SACRAMENTO – After a group’s demands for greater equity and access in COVID-19 vaccine distribution fell on deaf ears, the group of concerned citizens says it remains focused on change.
Sacramentans Advocating for Vaccine Equity (SAVE) sent its initial letter out last Wednesday to members of the Sacramento County Board of Supervisors, Public Health Officer Dr. Olivia Kasirye, representatives of health providers such as Kaiser Permanente and Dignity Health and other stakeholders. The missive came after the governor’s office released data that showed that of the thousands of people who have received the vaccine to date, vaccines had only gone to 3 percent of African Americans statewide and 4 percent in Sacramento County.
Sacramento County Board of Supervisors Chair Sue Frost doesn’t see a problem.
“This disparity is a reflection of the underrepresentation of African Americans and other communities of color in the occupations that were initially prioritized for vaccination, rather than a reflection of outreach efforts,” she wrote in her response letter dated February 22.
One member of the SAVE group said Ms. Frost’s response missed the mark, because it alluded to the work that has been done related to the COVID-19 pandemic in general, not the work that needs to be done for vaccine equity. SAVE issued a second letter, addressed directly to Ms. Frost. The second letter reiterates the group’s intent and that they are intent on seeing better results for the Black community.
“To be clear, as stated in our previous letter, our concern is the inequitable distribution of the COVID-19 vaccine that is happening now without any clear plan to address it,” reads the second SAVE letter dated February 24.
“The disproportionate vaccine distribution data has served as a warning for our community that, once again, if we as a region are not intentional with our efforts, our most vulnerable will suffer. Simply saying that the disparities in the rollout are a “reflection of the underrepresentation of Blacks in the occupations that were initially prioritized for vaccination” is not sufficient. We have observed targeted vaccination sites in very affluent neighborhoods as well as in other culturally appropriate locations. Our community seems to lag behind, and the data reflect it.”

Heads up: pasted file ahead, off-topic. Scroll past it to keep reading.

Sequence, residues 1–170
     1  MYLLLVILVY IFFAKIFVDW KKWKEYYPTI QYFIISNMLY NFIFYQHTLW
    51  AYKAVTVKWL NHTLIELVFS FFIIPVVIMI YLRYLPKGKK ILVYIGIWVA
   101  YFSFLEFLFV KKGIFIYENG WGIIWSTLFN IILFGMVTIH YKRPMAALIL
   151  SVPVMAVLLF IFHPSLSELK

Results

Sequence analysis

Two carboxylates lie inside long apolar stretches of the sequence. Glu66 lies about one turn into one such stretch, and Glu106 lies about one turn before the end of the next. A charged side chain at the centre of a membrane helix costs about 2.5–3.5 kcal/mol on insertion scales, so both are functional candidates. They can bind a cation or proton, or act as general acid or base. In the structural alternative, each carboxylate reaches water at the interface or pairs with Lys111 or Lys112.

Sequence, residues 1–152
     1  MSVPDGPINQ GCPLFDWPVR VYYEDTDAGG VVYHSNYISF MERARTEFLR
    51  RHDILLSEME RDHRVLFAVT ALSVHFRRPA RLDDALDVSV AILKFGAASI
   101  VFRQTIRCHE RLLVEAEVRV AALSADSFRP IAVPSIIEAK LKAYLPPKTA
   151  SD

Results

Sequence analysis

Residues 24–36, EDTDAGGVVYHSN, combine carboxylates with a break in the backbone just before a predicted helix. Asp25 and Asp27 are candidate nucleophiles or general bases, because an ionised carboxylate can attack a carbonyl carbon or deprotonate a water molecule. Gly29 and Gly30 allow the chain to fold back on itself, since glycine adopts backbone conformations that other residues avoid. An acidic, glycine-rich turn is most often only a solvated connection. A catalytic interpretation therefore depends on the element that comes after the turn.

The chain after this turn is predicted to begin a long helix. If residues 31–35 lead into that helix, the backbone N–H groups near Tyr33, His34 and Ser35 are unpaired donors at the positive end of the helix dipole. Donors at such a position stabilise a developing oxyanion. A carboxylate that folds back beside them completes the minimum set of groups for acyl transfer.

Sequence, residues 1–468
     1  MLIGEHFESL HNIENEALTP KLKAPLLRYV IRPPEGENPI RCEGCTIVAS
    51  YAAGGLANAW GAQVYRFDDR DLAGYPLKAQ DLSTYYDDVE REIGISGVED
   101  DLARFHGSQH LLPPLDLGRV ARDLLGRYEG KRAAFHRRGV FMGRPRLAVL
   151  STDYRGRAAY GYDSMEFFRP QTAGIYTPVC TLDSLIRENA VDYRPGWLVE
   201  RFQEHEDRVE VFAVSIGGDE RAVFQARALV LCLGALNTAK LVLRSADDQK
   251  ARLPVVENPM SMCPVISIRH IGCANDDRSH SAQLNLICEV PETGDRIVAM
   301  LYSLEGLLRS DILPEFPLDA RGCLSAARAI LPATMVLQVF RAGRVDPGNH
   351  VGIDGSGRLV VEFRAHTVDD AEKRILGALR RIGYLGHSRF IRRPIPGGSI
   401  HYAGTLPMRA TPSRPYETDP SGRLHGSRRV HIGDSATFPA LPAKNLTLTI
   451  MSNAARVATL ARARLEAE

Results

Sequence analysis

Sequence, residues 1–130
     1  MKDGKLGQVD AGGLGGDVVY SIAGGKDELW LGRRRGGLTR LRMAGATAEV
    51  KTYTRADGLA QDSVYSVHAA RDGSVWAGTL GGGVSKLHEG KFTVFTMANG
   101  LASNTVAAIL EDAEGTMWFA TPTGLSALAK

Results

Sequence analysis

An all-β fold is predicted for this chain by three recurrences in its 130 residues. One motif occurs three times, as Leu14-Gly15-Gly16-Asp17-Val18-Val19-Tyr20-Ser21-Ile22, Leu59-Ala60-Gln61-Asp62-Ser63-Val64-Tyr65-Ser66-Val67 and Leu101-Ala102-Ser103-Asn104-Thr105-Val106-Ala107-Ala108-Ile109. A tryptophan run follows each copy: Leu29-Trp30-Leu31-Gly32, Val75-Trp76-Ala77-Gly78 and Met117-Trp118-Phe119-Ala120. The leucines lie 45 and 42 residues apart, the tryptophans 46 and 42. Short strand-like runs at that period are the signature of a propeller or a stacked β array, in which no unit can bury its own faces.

SAVE is calling on County officials to: convene an African American COVID-19 Vaccine Committee to help inform steps the County and health systems will be taking to address the health crisis as it related to the African American community; establish regular and transparent dialogue with the African American community about the availability of state and federal resources that will be received by distributors to address the vaccine rollout; open multiple vaccination distribution sites in areas where the target population can access them — with particular attention given to the homeless population; a review and oversight of the distribution plans and ongoing performance of health care providers and big-box pharmacy companies such as CVS and Walgreens related to the outreach and inclusion of African Americans; publish and maintain a comprehensive, up-to-date listing of all vaccination sites with dates, times and tiers; launch a targeted community outreach and education campaign to motivate and inform the African American community to participate in the vaccination effort.
“We are not seeking to lay blame on any one agency — we are seeking sensitivity from our leaders to include our community to be part of the solution related to the rollout of the vaccine,” reads the second vaccine response letter.
Letter signees include Faye Wilson Kennedy and Kevin Carter of the Sacramento Poor People’s Campaign; Sierra Health Foundation CEO Chet Hewitt, Greater Sacramento NAACP President Betty Williams, Genesis Baptist Church pastor Tecoy Porter and former City Councilmember Lauren Hammond.
By Genoa Barrow | OBSERVER Senior Staff Writer